The cathedral of Braunschweig is scene of a political event: Olga Shparaga, philosopher and civil rights activist from Belarus is on a visit. Since her escape from her home country Shparaga lives in Berlin. Today Kathrin Reinhardt reads selected passages from the book “The revolution has a female face”, written by Belorussian. Subsequent to the reading a discussion between the book author and the foreign bishop Petra Bosse-Huber takes place. Just recently a combatant of Shparaga was sentenced to eleven years of camp detention, the opposition member Maria Kolesnikowa.
A dictator goees ballistic
For more than a year a state of emergency prevails at Belarus. Since the faked presidential elections on August 9th, 2020 the opposition of Belarus march in the streets. The most impudent action, which I can remember, is the kidnapping of a scheduled flight, arranged by the dictator Lukaschenko, which is forced to landing in Minsk. “By chance” one of Lukaschenko’s biggest opponent is on board, the journalist Roman Protassewitsch. An operation nobody would have considered possible. What is going on in his head, I can’t even guess. However he seems to be a real macho that’s what Olga Shparaga tells us tonight.
The revolution has a female face
In his macho delusion Lukaschenko could not image that women will be brave enough to revolt against him. But, that’s what Shparara says in her book, after men were arrested, first of all the young and then the elder women marched on the streets.
Olga Shparaga held lecture at the European College of Liberal Art of Minsk. She did research in many countries, such as the Czech Republic, Poland, the United States and Germany. From Belarus she fled to Vilnius and now she lives in Berlin. I am surprised how good her German is. This evening Kathrin Reinhard from the Staatstherater Braunschweig reads three passages from Shparaga’s book. As a listener one gets a rough idea on what it must be like to revolt against somebody like Lukaschenko and its state apparatus, much less go to jail.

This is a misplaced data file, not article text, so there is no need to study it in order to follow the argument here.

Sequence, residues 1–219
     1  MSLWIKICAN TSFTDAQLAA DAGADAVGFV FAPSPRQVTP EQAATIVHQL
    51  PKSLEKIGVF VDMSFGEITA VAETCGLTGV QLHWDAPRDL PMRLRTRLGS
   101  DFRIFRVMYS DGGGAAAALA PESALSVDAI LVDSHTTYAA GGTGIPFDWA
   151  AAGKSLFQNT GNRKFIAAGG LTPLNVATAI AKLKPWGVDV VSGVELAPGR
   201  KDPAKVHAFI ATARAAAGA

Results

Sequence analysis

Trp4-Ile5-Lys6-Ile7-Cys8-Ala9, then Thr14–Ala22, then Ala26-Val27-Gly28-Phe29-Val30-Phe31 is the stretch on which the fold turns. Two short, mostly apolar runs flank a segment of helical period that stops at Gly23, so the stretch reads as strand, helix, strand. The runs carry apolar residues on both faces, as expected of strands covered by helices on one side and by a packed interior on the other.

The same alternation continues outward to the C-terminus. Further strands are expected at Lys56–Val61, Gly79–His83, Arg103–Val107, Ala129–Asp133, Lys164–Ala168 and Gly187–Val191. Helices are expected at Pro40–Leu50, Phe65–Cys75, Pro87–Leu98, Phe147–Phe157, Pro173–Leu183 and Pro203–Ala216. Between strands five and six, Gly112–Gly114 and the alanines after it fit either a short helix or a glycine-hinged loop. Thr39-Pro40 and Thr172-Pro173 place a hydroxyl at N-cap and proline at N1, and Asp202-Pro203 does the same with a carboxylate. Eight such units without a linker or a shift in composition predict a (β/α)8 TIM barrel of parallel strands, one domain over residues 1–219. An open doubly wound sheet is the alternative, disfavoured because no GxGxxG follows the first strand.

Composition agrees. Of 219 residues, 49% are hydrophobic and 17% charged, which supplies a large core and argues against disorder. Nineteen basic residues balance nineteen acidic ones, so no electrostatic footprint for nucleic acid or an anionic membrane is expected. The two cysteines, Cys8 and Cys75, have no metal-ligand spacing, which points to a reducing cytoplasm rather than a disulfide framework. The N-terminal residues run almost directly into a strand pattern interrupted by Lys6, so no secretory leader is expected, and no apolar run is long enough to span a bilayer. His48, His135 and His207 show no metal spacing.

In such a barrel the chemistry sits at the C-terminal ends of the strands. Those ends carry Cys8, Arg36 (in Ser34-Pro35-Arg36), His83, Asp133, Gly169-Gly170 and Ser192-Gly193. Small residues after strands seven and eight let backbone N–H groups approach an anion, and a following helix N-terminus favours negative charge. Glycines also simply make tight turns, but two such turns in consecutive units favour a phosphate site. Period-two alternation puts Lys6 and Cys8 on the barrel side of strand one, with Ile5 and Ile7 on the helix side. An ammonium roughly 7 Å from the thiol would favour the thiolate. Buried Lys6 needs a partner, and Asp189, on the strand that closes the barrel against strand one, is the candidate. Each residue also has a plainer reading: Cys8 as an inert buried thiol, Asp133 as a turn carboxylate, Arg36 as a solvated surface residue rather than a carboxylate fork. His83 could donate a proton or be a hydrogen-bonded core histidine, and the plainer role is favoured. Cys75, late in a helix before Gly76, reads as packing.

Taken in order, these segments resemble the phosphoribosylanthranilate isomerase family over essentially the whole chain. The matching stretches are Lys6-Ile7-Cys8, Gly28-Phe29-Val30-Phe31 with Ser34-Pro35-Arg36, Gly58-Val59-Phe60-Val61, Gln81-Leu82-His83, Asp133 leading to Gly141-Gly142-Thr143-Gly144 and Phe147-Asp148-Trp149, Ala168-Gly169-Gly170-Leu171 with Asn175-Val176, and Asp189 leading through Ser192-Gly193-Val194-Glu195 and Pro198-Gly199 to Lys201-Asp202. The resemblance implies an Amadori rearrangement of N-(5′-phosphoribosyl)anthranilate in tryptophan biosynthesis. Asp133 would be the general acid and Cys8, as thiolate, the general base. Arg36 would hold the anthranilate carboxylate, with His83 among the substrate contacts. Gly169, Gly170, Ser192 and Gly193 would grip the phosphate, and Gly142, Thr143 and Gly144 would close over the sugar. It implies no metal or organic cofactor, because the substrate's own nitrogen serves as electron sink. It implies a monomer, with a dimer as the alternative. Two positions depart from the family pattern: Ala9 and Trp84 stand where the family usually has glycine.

“Until this summer we did not know each other”
Shparag’s book is also or may especially about solidarity. It is about the cohesion between women who revolt bravely against a dictator and sing lullabies to each other in prison to fight the fear. The Belarussian philosopher herself was in prison for a while. She talks about bad food that can hardly be eaten. From the days, the prisoners have to spend sitting at a table and of the neonlight that also shines at night. Despite that Shparaga makes a calm and confident impression. Her sentence “until this summer we did not know each other that is meant to express how little Belarussians cared before for each other and how much that changed during the protests, moves me.
It is this interconnectedness of the society which gives fresh impetus to the protest movement. Being asked how Belarus could develop in the next ten years, Shparaga answers that she wishes for a democratic country with a strong society and political active people. I keep my fingers crossed that this wish will come true.